Lon's at the Hermosa
Jackie Mercandetti
Executive chef Patrick Poblete does a Southwestern-accented American comfort cuisine that is pure, rich indulgence with lots of heavenly fat.

This is Arizona luxury at its best, with surroundings to make every meal special. The gorgeous "cowboy" hacienda with its upscale dining room is tucked away at Paradise Valley's Hermosa Inn.

Chef Poblete grows his own fresh fruit, vegetables and herbs, and the menu changes based on what's the best of the season, with entrees that complement. Lon's fresh fish includes swordfish, salmon, trout and more, butter melting slowly on crisp-grilled skin, soaking into pliable fingerling potatoes and nestling with fresh veggies.

Don't turn down the pastry chef's sampler, wickedly fattening with custards, mousses, cakes, gelati, ice creams and fruits.

Old Town Tortilla Factory
Old Town Tortilla Factory has a "connoisseurs guide" to its more than 100 premium tequilas. That's nifty. But even better is that we can upgrade our margaritas with any of their fancy tequilas for just an additional dollar.

The custom option is just one of the things that makes Old Town's margaritas so good. Fresh-squeezed lime juice and the house standard tequila are others. Even the most basic margarita here is spiked with Sauza silver, a bold and assertive favorite of tequila lovers.

Service makes us smile, too. Our marg is brought in a shaker, blended at our table, and left for us to refill our glasses. The setting, finally, makes our cocktails all that more delicious. We think the 75-year-old Scottsdale adobe home is intriguing, too, with its huge flagstone patio surrounded by 100-year-old pecan trees and its central fountain that often is set on fire.

We'll toast to that.

Readers' Choice: Macayo

Tired of paying too much for junk food? Head to Bombay Grill, where, Monday through Saturday, you can enjoy a marvelous, all-you-can-eat feast for just $6.95. The buffet makes it a quick operation to fill your plates, stuff yourself and get back on the road.

Bombay Grill doesn't try to trick you with the typical all-you-can-eat spread of dozens of mediocre dishes -- quantity doesn't do it if the food doesn't deliver. No, the Grill serves daily selections including five vegetable dishes, three meats, soup, rice, breads, salad bar, and two desserts. The manageable selection means ample variety and quality control for the kitchen.

Tandoori chicken and beef curry are always winners. Saag pancer is a delight, blending spinach with Indian-style cheese and mild sauce. For dessert, try kheer, a delicious rice pudding.

Mercado Mexico
In the market for authentic Mexican furniture? No need to head for Nogales; just go south of the Tempe border, down Guadalupe way.

Mercado Mexico quite possibly has the most comprehensive inventory of Mexican home furnishings in the Valley. Statues, fountains, furniture, dishware and, yes, piatas are regularly imported from Guadalajara and Mexico City. And if your tastes run to the outré, you'll occasionally find oddball items like cow skulls, pieces of armor, or a tree-trunk bar.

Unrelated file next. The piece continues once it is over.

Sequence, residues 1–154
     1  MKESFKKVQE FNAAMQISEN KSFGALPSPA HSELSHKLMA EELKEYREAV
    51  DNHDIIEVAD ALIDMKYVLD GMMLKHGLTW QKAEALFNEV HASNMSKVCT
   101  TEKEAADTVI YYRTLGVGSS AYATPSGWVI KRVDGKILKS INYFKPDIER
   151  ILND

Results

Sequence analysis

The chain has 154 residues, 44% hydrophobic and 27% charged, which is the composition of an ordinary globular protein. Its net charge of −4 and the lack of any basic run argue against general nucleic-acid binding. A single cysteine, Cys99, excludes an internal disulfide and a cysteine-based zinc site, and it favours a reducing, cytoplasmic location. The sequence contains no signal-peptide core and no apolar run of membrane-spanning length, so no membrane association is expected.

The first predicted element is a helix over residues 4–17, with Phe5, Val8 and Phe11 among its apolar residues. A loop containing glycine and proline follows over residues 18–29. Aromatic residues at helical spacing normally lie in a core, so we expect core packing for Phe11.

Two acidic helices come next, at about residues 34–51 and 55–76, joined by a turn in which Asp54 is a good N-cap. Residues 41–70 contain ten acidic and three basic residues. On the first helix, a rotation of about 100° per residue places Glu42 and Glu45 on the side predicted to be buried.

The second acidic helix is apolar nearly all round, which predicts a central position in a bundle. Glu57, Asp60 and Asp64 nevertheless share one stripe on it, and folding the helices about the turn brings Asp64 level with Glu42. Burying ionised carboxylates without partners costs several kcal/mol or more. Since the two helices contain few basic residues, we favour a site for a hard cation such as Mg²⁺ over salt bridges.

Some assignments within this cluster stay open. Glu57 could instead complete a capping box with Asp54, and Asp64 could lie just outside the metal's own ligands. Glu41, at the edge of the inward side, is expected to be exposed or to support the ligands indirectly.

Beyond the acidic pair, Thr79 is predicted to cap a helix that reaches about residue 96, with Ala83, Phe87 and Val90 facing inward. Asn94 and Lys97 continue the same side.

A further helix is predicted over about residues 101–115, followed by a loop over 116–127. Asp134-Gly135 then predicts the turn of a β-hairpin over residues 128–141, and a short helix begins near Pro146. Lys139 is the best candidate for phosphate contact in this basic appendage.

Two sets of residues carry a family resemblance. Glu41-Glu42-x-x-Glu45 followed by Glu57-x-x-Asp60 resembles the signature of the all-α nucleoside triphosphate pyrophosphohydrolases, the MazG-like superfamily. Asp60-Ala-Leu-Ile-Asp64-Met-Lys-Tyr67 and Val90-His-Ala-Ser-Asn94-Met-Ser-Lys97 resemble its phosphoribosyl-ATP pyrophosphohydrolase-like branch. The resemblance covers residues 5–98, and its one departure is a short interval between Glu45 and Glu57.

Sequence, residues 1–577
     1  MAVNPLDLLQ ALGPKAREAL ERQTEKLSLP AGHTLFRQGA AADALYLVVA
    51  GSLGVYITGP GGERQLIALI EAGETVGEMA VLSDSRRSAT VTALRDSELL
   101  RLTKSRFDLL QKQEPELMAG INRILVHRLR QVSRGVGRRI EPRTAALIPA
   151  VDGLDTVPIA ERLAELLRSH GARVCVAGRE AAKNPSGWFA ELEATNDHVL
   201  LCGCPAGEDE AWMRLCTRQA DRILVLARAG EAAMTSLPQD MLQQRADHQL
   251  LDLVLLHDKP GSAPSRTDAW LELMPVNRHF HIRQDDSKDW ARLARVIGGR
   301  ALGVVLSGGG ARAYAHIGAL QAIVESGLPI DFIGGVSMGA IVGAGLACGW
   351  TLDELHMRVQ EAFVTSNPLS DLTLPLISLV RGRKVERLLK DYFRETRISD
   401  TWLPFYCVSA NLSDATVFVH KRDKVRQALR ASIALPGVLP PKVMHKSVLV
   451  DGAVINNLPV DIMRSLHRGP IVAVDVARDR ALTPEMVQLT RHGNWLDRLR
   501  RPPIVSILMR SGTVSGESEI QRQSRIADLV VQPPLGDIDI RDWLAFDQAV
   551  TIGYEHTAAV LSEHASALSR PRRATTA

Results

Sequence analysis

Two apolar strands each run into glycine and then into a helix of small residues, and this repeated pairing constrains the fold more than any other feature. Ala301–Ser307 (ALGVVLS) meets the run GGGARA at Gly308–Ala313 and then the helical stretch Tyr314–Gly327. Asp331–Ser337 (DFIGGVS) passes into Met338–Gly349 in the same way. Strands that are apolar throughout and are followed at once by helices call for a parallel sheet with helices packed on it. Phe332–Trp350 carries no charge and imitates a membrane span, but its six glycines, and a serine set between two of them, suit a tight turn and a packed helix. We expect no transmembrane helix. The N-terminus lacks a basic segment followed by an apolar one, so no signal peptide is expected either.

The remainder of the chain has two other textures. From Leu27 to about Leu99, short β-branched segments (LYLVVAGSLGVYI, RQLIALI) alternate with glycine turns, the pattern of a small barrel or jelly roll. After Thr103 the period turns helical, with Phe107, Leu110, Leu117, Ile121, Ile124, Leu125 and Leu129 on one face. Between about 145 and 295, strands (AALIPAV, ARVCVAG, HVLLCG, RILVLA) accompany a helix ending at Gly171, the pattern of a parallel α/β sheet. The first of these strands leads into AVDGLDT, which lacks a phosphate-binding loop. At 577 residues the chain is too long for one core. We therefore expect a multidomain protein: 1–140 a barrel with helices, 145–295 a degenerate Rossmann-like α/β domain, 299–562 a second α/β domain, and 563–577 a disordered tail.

If this shopping spree somehow lacks the authenticity of an actual trek to Mexico, you can always stop at a convenience market on your way home and pick up some packs of Chiclets.

Friend of pho?

Then you'll find plenty to like in this Third World hideaway specializing in the namesake soup that's a staple of Vietnamese cuisine. The menu lists 15 different varieties -- huge, steaming bowls of broth chock-full of rice noodles, a variety of cuts of beef, bean sprouts, serrano chile, lime and fresh herbs.

Move beyond soup and sample chao gio (spring rolls packed with ground pork, rice vermicelli and mushrooms), mi xao (egg noodles) or tom va bo nuong vi (a wraplike beef, shrimp and veggie dish you cook yourself on a tabletop griddle). Other authentic options include a variety of hot pots, chicken with lemongrass and marinated shrimp with raw vegetables. To wash it down, order from the long list of Asian beers.

If you can tear your eyes off your chopsticks long enough, you just might see presidential woulda-been John McCain. According to a blurb on the menu, Pho Bang is his favorite Vietnamese eatery -- and who should know better than a former POW who spent years savoring the native fare?

Gourmet House of Hong Kong
We admit it: Chinese calligraphy is Greek to us.

That said, that's the part of the menu we immediately go to when feasting at Gourmet House of Hong Kong.

Sure, the funky, fluorescent-lighted, coffee-shop-style restaurant offers the usual "one from Column A, one from Column B" suspects -- moo goo gai pan, kung pao, teriyaki, curry and fried rice. But adventuresome diners live for the thrill of exotic entrees, even when they contain unfamiliar ingredients.

The menu has English translations, of course, but they're often vague -- pork belly with taro; squid with green. Our method of ordering has never failed us, though. Ask for a recommendation or opt for a dish that's been ordered by one of the cafe's many Asian customers.